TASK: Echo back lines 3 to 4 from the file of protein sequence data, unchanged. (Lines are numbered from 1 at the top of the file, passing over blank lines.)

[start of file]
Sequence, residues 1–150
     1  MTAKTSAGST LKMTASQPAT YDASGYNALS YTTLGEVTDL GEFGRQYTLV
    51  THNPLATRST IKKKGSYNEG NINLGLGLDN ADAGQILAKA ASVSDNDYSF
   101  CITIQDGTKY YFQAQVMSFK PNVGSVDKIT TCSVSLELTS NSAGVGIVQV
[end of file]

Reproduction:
    51  THNPLATRST IKKKGSYNEG NINLGLGLDN ADAGQILAKA ASVSDNDYSF
   101  CITIQDGTKY YFQAQVMSFK PNVGSVDKIT TCSVSLELTS NSAGVGIVQV